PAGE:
The 7,000-word article contained no statistics on the size of the veteran population, or on the prevalence of homicide either in the general population or among young men, who are disproportionately represented among active-duty and recently discharged service members.
Various commentators performed their own back-of-the-envelope calculations, including Ralph Peters of the New York Post, who estimates that if the Times figures are accurate, recent war vets are only about one-fifth as likely to be implicated in a homicide as the average 18- to 34-year-old.
It turns out that these young men are better than the rest of their age cohort despite having literally been to hell and back. Right here, right now I find it necessary to say “Thank you gentlemen and to hell with the NY Times’. There is no compassion for what these young men have been through and there is no respect. And I have no compassion for a once great newspaper who’s reputation and stock price are steadily falling. A recent survey by the Department of Media Studies and Digital Culture at Connecticut’s Sacred Heart University demonstrate there are consequences for this behavior that are by no means limited to the NY Times.
A Sacred Heart University Poll found significantly declining percentages of Americans saying they believe all or most of media news reporting. In the current national poll, just 19.6% of those surveyed could say they believe all or most news media reporting. This is down from 27.4% in 2003. Just under one-quarter, 23.9%, in 2007 said they believe little or none of reporting while 55.3% suggested they believe some media news reporting.
The very sort of trust I had as a boy in the NY Times is below 20%. And even more people can see exactly what they are up to:
The perception is growing among Americans that the news media attempts to influence public opinion – from 79.3% strongly or somewhat agreeing in 2003 to 87.6% in 2007.
And, 86.0% agreed (strongly or somewhat) that the news media attempts to influence public policies – up from 76.7% in 2003.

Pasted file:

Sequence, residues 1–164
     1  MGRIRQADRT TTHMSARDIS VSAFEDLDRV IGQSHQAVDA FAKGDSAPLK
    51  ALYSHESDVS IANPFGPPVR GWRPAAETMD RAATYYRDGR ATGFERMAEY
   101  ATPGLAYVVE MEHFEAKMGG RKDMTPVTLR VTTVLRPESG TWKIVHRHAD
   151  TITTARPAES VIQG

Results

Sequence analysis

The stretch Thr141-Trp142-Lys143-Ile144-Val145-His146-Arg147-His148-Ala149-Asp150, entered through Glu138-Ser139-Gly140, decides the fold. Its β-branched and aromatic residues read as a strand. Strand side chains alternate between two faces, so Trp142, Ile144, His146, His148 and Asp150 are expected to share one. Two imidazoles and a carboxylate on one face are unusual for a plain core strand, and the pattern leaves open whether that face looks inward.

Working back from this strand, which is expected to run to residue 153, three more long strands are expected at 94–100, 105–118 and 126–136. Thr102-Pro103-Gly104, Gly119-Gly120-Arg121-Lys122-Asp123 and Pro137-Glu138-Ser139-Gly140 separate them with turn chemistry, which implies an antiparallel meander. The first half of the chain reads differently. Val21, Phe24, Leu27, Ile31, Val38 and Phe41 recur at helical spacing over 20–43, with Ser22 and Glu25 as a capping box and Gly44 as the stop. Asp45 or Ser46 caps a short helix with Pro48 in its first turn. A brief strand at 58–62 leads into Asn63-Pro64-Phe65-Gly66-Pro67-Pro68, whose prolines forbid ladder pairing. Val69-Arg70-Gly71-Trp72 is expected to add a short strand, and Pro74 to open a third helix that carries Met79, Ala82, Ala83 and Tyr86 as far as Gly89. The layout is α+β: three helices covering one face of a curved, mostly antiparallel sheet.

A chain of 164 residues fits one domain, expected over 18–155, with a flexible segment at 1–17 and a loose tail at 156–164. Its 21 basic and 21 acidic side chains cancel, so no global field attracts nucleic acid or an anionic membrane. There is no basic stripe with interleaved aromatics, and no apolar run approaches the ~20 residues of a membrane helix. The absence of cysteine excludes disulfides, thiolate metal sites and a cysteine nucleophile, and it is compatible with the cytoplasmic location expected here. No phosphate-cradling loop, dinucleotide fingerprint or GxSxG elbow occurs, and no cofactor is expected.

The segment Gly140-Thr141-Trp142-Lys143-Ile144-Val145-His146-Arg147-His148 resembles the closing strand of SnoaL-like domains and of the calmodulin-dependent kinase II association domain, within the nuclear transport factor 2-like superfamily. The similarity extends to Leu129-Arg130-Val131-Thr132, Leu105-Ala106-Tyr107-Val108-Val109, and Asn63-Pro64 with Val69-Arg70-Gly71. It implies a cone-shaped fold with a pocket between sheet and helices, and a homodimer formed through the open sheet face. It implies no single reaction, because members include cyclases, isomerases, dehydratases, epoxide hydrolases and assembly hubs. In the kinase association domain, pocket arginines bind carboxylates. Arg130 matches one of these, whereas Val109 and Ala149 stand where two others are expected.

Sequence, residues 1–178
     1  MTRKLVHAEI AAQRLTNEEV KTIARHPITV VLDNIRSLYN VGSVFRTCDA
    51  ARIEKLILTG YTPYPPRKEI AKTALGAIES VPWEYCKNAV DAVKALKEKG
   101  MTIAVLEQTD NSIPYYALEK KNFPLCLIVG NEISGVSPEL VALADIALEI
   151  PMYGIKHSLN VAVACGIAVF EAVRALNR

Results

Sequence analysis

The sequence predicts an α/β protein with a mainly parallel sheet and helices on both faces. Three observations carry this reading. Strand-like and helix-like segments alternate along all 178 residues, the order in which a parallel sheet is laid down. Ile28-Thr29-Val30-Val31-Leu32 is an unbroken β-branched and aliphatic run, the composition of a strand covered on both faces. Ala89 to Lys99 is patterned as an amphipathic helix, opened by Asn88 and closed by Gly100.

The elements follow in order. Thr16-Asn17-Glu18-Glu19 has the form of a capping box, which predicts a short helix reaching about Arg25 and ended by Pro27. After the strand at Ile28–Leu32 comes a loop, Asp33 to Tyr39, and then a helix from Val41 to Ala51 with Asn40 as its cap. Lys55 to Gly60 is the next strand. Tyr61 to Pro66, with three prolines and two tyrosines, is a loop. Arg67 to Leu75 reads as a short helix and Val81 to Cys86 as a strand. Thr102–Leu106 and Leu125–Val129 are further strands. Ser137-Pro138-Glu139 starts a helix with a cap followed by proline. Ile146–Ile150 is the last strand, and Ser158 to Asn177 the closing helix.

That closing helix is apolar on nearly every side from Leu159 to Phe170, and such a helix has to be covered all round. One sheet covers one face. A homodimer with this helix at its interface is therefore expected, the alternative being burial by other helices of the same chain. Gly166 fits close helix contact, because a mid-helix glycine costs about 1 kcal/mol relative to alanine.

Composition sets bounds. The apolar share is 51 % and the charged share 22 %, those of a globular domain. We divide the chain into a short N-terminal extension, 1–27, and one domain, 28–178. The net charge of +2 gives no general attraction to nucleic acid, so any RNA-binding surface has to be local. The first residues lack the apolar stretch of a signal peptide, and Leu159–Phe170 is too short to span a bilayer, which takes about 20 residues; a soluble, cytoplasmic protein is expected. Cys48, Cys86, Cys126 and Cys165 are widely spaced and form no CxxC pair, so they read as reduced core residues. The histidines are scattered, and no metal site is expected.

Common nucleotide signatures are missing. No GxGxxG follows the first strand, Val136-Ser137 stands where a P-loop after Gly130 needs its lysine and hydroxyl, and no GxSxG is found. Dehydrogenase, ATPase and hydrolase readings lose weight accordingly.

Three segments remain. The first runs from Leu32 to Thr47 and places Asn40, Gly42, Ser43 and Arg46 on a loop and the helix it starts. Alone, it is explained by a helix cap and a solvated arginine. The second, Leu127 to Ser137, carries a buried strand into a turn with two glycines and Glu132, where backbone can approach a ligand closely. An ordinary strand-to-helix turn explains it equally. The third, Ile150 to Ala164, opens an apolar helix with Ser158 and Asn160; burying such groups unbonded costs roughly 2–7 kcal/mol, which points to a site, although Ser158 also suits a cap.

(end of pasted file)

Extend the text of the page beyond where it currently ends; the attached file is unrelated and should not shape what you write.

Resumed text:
Even when asked about positive qualities the MSM don’t do very well:
The highest positive rating, 40.7%, was recorded for quality of reporting followed by accuracy of reporting at 36.9% and keeping any personal bias out of stories (33.3%).
Other low positive ratings included: fairness (31.3%), presenting an even balance of views (30.4%) and presenting negative and positive news equally (27.5%).
Although the survey emphasizes broadcast journalism the NY Times rates a mention along with the usual suspects:
By four-to-one margins, Americans surveyed see The New York Times (41.9% to 11.8%) and National Public Radio (40.3% to 11.2%) as mostly or somewhat liberal over mostly or somewhat conservative.
By a three-to-one margin, Americans see news media journalists and broadcasters (45.4% to 15.7%) as mostly or somewhat liberal over mostly or somewhat conservative.
And, by a two-to-one margin, Americans see CNN (44.9% to 18.4%) and MSNBC (38.8% to 15.8%) as mostly or somewhat liberal over mostly or somewhat conservative.
Just Fox News was seen as mostly and somewhat conservative (48.7%) over mostly or somewhat liberal (22.3%).
I take all polls with a grain of salt, but I think there has been a big shift in public perception of the media over my lifetime. The older standards I grew up with that required a duty to the truth have faded and I think that development is a general cultural change. I certainly saw it in my own work as an academic which began in the late sixties. I noticed that it became increasingly proper to have an agenda in one’s teaching and research. As time went on the duty to truth morphed into a duty to have an agenda. Reminders about truth faded. I think people of my generation made the mistake of assuming that the commitment to truth was still present and were rudely shocked to discover that, as time went on, it was not. And I must say it – discovered even in themselves that the commitment to truth had eroded. And as I have learned the hard way – to hell with that.